Ngetcell-Banjul (The Gambia) The Gambia Press Union (GPU), in a statement delivered at the 58th Ordinary Session of the African Commission on Human and Peoples Rights on Tuesday urged the Gambian Government to put an end to impunity and ensure safety of journalists during the electoral process.
According to the statement delivered by Saijkou Jammeh, Secretary General of GPU, there is no evidence of new case of physical attack on the press since the last Commission meeting here in November 2015. It remains to be seen whether this represents a shift in approach on the part of the government. What is however certain is that the level of self-censorship is unprecedented. An estimated 20 per cent of Gambian journalists are in exile and impunity continues to prevail over the previous cases of violations of press freedom.
“2016 is an election year in The Gambia. There are enduring political, legal and economic restrictions on the right to freedom of expression and press freedom. We call on the Commission to urge the government to ensure safety of journalists during the electoral process. Access to state information is unduly restricted in the Gambia. The government is yet to grant TV license to private individuals, ensuring monopoly of state-owned TV. Tax levies on printing materials have induced high production cost for print media and radio stations mainly shy away from current affairs for fear of reprisals.”
The statement also revealed that the legislative framework on freedom of expression, media regulation and licensing is fundamentally flawed. The laws are neither in line with international standards nor are they conducive in a democracy.
“While there is global trend of states reforming and outlawing laws that criminalise speech, such as criminal defamation, false news, and sedition, The Gambia has only recently amended some of these laws with heftier penalties and broader definitions. The Information and Communication Act was amended in 2013, increasing punishment to prison terms of 15 years or a fine of 3 million dalasis for spreading on the internet false news, caricature or derogatory information against the government or public officials. Similar amendments were made to Section 114 the Criminal Code three months before, increasing the punishment for the offence of giving false information from six months maximum jail term and 500 dalasis fine to a jail term of five years or a fine of 50,000 dalasis.”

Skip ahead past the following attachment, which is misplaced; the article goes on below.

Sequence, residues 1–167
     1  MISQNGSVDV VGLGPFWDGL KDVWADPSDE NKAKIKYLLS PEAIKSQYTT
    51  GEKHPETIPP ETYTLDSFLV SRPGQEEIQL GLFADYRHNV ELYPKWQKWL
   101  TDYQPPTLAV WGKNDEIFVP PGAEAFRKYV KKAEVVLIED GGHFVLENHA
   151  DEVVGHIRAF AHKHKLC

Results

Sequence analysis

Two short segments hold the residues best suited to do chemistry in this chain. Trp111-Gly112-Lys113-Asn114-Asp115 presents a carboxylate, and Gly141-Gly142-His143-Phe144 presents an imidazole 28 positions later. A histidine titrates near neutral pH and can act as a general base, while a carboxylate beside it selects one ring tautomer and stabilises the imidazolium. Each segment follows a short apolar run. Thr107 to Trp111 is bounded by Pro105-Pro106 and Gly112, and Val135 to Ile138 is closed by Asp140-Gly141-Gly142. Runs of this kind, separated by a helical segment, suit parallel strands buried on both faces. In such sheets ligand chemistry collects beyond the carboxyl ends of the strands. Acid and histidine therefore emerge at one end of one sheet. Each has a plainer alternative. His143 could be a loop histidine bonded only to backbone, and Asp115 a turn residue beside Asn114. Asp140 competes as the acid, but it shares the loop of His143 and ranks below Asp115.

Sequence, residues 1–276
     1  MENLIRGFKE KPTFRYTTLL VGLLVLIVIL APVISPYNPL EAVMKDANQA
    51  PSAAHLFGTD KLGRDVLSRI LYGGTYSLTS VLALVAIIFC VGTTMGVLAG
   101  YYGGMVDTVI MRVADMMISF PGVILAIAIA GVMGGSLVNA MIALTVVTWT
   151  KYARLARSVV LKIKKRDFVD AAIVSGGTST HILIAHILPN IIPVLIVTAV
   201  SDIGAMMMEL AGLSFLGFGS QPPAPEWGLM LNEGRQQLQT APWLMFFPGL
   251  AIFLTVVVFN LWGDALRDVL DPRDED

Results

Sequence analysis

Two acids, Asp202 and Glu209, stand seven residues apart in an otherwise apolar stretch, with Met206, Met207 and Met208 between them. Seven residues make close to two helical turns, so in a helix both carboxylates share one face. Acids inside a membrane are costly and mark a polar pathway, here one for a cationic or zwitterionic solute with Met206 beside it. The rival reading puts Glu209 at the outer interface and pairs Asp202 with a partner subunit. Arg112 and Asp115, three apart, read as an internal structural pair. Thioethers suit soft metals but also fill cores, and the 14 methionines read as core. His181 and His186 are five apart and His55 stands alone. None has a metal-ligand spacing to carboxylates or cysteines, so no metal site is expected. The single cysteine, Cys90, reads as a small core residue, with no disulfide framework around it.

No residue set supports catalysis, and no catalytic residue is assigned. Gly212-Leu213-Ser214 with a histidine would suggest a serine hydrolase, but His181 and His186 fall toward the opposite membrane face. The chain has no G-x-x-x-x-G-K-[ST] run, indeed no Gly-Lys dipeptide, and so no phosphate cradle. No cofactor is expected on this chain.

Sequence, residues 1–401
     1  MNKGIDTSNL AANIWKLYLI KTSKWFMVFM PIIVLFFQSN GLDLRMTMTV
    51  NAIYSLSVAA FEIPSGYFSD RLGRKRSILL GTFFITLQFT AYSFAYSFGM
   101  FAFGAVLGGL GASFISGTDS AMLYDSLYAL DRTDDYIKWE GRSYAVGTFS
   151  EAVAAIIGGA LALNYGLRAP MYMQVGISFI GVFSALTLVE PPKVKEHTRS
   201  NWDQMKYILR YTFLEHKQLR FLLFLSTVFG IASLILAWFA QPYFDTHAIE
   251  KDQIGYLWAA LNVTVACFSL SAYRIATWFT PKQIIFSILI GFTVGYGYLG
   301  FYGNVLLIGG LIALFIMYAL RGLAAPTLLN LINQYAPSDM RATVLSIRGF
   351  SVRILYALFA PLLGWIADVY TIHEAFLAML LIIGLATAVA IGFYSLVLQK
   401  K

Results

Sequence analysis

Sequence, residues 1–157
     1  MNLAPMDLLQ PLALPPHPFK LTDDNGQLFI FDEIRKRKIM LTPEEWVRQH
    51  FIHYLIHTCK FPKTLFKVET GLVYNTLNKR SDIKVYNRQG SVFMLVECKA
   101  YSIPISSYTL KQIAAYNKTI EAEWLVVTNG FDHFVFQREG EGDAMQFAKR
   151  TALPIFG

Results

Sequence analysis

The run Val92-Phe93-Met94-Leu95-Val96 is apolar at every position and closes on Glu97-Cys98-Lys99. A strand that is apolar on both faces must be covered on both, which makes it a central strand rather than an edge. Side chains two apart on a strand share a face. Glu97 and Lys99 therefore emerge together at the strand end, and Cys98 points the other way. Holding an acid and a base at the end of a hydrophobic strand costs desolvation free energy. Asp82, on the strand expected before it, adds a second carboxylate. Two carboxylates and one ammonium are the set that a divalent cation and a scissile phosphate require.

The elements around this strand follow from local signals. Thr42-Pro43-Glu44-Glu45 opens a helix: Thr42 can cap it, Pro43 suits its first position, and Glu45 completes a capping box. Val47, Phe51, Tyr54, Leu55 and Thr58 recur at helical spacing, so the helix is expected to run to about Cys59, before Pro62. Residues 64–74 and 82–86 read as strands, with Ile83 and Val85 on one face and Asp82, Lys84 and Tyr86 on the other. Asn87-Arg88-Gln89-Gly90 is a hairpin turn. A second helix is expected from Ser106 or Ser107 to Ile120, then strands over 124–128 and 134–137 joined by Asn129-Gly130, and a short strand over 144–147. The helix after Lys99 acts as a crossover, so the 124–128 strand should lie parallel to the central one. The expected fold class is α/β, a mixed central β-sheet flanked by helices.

It also indicates that about a dozen Gambians, including security personnel, civil servants, and ordinary citizens, are being prosecuted for exercising their right to freedom of expression.
The Union went on to call on the Commission to urge the government to conduct comprehensive reforms of laws governing freedom of expression and press freedom. The reforms should include enactment of right to information law, while laws on sedition, false news, defamation, regulation and licensing should be reviewed and brought in line with the standards put in place by the African Commission.
“The Gambia Press Union wishes to once again bring the attention of the commission to the sedition and false information trial involving Mr Abdoulie Ceesay, the manager of Teranga FM. The case has been dragging at the courts for eight months now. Ceesay, who was only yesterday admitted at the Edward Francis Small Teaching Hospital for the second time in two weeks, has been in the custody of the state for more than nine months, and his family has since Friday been denied access to him at the prison. The courts have several times refused to grant his right to bail, despite concerns over his health condition. The case will soon be set for judgment. We once again call on the commission to urge for his release.”